In 1934-1935, Thomas joined the West Hartlepool Borough Engineers Department and moved to become an employee of the Bridlington Corporation. At the time of his George Cross action, he was in the position of Works Supervisor. He was also Detachment Leader in charge of Rescue Parties. He recruited and trained many local people as volunteers. He became the first civilian to be awarded the George Cross, and his investiture took place on 24th May 1941.


Later in the war, Thomas was involved in the rescue of two horses who were trapped under debris in a stable. For his actions, Thomas was awarded the RSPCA Medal in Gold, a notable double with his GC. During the War, his wife Irene was also busy working at the Bridlington Food Office on the Ration Books.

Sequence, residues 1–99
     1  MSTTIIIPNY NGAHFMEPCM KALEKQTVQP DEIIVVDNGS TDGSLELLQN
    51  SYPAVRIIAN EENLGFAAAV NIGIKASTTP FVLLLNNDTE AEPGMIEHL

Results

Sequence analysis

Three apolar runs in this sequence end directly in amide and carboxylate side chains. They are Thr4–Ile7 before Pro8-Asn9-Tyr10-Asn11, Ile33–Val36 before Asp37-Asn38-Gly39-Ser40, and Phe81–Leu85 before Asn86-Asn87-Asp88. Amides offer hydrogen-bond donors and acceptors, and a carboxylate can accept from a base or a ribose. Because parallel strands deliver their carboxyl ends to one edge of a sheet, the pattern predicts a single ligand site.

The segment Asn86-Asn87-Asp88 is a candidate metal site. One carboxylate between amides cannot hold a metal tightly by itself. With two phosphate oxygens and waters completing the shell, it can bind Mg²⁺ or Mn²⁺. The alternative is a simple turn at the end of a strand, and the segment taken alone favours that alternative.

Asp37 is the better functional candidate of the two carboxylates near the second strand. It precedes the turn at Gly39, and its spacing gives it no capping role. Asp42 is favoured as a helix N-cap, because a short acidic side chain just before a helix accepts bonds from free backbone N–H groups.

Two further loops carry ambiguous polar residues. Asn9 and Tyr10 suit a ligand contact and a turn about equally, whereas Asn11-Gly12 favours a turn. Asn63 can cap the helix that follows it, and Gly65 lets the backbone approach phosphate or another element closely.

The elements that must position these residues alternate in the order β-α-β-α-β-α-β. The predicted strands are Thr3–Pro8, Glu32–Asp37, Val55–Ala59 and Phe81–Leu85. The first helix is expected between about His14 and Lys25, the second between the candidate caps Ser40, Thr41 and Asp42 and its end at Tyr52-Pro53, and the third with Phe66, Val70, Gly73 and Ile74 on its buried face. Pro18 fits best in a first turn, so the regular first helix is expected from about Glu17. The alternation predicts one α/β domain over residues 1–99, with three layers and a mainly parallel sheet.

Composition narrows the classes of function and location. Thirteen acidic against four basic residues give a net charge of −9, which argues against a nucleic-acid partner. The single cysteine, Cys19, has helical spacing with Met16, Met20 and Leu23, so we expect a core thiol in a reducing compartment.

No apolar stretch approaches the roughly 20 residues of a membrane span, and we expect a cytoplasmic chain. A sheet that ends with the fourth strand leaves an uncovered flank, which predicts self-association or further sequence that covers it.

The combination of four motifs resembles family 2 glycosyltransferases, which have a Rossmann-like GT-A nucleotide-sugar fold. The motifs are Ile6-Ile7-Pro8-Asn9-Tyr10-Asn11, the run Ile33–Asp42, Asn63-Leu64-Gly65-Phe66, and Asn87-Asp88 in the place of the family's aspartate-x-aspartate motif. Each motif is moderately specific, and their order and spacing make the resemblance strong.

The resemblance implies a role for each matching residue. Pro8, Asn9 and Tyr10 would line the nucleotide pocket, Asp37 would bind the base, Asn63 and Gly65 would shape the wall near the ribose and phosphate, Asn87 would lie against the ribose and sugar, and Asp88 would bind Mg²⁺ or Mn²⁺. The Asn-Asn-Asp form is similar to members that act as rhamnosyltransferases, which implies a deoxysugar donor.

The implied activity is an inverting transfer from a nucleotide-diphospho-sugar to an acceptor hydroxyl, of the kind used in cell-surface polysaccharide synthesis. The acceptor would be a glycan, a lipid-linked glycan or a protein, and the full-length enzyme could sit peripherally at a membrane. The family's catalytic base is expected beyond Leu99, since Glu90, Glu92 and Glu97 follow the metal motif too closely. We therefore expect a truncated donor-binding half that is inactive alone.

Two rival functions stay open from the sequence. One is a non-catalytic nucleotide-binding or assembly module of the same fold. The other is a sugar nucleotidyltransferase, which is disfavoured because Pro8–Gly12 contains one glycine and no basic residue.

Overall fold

After the War, he was employed as an Assistant Divisional Surveyor for East Riding of Yorkshire and joined the Rescue Section of the Civil Defence Corps. He was also a keen breeder of pigs and poultry in his spare time.


Alderson died aged just 62 at Northfield Hospital in Driffield, Yorkshire on 28th October 1965, and he was cremated at Woodlands Crematorium in Scarborough. Irene outlived her husband by over 26 years before her death in 1991. Her ashes were scattered to near the site of Thomas'. He is remembered in the Book of Remembrance at the Crematorium. His medals are on loan to the Imperial War Museum and displayed in the Lord Ashcroft Gallery.

By victoriagreen068, Sep 15 2016 04:54AM

The George Cross Diary for 14th September contains the stories of two recipients, both who were involved in an incident on Hornsea Island during the First World War and were both awarded the Albert Medal for Life Saving alongside a third man, who unfortunately didn’t live long enough to exchange his medal for a GC in 1971.